A team of scientists have developed the world's fastest camera - capable of capturing an image every 163 nanoseconds, at a shutter speed of 440 trillionths of a second. That's around six times quicker than the best cameras currently on the market, so how did they do it?
Well, it all revolves around a technique known as serial time-encoded amplified microscopy (STEAM). Unlike conventional digital cameras that use charge-coupled devices, STEAM uses a spread of infrared light shone on the object to be photographed. By doing so, different parts of the object are are illuminated by different wavelengths of light. The light is then amplified and read out by a single photodetector.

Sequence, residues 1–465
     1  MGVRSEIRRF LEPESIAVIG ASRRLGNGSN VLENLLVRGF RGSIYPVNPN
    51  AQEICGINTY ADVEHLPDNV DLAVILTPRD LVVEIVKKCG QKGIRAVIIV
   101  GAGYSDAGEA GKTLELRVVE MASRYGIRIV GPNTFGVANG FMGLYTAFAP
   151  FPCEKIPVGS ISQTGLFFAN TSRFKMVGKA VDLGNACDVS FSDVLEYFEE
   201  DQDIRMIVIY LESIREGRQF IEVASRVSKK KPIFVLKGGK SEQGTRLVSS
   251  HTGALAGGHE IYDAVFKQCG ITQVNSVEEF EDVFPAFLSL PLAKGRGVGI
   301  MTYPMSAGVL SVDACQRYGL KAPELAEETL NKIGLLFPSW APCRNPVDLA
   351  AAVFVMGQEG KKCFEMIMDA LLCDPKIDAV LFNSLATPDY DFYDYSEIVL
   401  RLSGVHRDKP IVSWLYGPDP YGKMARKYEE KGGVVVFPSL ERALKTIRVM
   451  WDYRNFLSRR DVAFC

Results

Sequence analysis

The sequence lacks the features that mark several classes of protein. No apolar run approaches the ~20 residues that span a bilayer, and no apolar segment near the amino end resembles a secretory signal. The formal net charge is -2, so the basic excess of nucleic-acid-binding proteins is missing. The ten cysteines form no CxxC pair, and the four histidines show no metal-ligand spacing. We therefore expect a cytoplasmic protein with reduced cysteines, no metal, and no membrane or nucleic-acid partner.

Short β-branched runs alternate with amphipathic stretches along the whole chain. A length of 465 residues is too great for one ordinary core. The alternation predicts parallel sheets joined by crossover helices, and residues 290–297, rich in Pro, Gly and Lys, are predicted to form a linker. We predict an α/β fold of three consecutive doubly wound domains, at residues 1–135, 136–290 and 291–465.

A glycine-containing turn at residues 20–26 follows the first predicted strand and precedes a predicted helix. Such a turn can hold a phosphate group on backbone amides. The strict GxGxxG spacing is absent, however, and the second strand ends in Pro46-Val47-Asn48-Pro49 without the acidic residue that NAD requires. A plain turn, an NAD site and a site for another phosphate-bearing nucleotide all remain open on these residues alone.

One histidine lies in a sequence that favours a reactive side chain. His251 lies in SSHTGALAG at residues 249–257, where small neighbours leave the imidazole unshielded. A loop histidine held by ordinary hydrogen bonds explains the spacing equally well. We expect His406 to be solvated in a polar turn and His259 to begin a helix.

Commenting on the creation, Keisuke Goda, an optoelectronic specialist at the University of California, Los Angeles, said:
"We have invented a new type of imaging technology that overcomes the fundamental limitation between sensitivity and speed. It could be especially useful for microscopy. On the meta-microscale, even slow-moving objects require a high temporary resolution, because your field of view is so small."
Despite the camera's incredible speed, however, it is currently limited to a resolution of around 2,500 pixels - far lower than the cameras built into most mobile phones. Goda claims the resolution can be improved, and UCLA professor Bahram Jalali states that the camera's next goal is to improve spatial resolution and provide crystal clear pictures of the inner structure of a cell.
The camera was demonstrated to the Nature journal and further details are available at nature.com.